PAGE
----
Packed In: ‘They always sit on a shelf’: City Council members say they’re not moving fast enough to fix housing crisis
SPOKANE, Wash. — Spokane city leaders know there’s a housing problem. The City Council adopted a Housing Action Plan to find solutions, but changes can’t happen overnight. Some say a zoning overhaul could help, but it’s years in the making.
“We shouldn’t limit certain the types of housing as we do now to one neighborhood,” said city council member Michael Cathcart.
Kendall Yards is one of the neighborhoods that got around the red tape to develop. There’s single family homes, condos, townhomes and multi-family complexes in the same place. However, that’s illegal in 80 percent of the city’s neighborhoods.
Current zoning favors single family lots which don’t allow for increased density. Other council members know that type of neighborhood could help the housing issue.
“If you look at Kendall Yards, that’s the model that we could use,” said Lori Kinnear, City Council Member.
Cathcart tried to pass an emergency ordinance to temporarily legalize duplexes, triplexes and fourplexes in every residential neighborhood to speed up the process and start seeing this development in months versus years but was shut down. Other council members feel the community needs to weigh in before making such a sweeping change.
“There’s a lot of steps that have to happen before this is implemented,” Kinnear said. “It’s not just as simple as saying yep we’re going to do this.”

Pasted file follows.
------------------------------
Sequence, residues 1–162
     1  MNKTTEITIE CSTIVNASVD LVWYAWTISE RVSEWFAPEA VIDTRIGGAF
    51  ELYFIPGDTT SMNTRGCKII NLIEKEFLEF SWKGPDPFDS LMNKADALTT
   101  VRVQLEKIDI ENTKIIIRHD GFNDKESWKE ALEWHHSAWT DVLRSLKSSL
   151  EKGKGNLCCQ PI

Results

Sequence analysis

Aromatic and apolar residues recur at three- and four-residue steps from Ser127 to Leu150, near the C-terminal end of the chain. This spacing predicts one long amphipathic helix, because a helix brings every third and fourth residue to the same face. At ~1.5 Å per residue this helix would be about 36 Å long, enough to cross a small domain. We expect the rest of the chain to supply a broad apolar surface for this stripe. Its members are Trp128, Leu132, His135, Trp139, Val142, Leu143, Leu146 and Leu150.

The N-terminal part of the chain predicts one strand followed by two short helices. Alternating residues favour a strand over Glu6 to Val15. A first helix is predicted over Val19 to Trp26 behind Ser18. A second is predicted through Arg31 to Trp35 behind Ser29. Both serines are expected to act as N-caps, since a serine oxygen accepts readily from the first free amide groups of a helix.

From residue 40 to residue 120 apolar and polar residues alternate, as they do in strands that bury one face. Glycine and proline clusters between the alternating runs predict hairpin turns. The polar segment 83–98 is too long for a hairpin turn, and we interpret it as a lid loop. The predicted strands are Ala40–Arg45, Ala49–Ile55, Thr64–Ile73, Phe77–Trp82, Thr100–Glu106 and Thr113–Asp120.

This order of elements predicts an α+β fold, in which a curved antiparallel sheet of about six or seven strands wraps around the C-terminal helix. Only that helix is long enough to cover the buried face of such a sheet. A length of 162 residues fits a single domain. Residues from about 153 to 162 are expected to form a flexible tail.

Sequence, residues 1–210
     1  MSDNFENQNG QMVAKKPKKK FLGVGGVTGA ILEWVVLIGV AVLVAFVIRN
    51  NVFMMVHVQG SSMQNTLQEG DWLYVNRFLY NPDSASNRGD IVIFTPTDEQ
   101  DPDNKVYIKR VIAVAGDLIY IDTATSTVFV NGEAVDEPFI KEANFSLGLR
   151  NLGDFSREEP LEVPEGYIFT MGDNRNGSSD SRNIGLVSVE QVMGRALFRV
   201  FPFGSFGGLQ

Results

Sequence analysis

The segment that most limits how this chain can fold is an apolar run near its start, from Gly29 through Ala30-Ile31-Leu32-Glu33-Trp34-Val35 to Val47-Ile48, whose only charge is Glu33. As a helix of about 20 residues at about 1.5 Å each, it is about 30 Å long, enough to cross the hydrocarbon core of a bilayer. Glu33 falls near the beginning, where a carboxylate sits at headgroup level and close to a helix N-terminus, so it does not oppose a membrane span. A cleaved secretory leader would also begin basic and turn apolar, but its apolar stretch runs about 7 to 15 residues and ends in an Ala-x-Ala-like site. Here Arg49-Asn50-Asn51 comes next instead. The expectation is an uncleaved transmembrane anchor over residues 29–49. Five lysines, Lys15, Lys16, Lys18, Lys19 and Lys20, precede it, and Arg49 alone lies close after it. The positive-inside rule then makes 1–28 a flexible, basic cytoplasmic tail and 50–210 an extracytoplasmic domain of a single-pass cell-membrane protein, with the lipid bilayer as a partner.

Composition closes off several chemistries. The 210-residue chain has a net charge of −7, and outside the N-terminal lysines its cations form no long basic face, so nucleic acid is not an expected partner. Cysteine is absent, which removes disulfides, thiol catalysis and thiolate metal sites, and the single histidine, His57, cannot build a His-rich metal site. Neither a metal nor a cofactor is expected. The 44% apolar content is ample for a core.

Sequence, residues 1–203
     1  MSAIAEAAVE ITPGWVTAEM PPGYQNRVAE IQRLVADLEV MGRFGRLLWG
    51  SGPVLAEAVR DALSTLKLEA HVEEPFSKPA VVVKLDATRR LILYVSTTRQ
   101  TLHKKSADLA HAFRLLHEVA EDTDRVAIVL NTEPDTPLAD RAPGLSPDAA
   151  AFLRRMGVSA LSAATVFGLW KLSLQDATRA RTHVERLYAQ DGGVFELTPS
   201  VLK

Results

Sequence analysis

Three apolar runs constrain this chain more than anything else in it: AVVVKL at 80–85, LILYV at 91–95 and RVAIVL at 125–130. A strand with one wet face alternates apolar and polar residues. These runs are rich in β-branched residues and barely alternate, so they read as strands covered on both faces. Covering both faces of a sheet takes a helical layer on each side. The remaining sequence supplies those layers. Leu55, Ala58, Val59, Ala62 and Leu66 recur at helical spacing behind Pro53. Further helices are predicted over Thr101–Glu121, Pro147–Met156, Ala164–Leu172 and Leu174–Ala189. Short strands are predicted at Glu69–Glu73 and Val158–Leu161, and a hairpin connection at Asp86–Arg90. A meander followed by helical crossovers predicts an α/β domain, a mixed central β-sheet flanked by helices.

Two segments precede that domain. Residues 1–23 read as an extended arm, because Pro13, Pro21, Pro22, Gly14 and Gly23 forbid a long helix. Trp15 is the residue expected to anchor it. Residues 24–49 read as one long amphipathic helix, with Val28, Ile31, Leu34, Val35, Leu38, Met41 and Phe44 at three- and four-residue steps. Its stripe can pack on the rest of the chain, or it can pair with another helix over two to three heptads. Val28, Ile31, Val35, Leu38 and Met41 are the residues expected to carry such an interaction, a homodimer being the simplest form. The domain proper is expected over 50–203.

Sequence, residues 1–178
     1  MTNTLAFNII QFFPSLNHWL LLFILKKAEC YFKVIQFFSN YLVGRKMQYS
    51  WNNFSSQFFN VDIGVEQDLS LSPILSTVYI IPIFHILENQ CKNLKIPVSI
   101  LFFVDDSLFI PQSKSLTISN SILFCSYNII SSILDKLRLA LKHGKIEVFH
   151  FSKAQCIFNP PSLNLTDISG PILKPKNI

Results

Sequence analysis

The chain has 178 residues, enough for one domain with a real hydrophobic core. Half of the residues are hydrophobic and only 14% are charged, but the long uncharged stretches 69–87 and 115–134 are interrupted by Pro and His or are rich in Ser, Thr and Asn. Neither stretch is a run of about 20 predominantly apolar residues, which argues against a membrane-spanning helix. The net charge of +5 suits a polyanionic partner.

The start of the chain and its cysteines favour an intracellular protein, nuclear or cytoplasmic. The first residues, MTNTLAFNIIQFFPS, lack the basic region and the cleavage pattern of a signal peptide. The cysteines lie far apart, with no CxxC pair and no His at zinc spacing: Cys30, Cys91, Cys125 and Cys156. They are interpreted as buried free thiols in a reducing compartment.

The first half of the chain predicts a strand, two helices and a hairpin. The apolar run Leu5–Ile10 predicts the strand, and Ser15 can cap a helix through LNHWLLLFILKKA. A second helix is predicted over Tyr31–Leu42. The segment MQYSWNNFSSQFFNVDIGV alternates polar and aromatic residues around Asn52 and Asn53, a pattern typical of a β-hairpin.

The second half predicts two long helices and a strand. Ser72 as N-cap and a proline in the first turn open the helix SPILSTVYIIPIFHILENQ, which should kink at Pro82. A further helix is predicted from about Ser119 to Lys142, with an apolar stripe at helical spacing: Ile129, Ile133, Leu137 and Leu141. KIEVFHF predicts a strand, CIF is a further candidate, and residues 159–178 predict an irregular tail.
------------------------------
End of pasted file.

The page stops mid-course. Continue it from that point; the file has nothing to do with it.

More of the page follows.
Cathcart says if we’re in an emergency, we have to start acting like it. That’s why he made the proposal.
“We’re always adopting plans,” he said. “We’re always adopting these things, and they always sit on a shelf.”
Kinnear wants to focus on speeding up permitting and addressing downtown housing opportunities. She thinks these are more realistic changes to make.
“How do we activate the downtown land to build more density downtown?” Kinnear asked.
Both know housing is a major concern as the city grows, but Cathcart is pushing for faster reform to see change sooner rather than later.
“My biggest frustration right now is we adopted that [Housing Action Plan] July 26. It’s been 2.5 months, and we really haven’t seen a whole lot of activity yet,” Cathcart added.
Zoning changes aren’t totally nixed, but it will take years to see any kind of relief.
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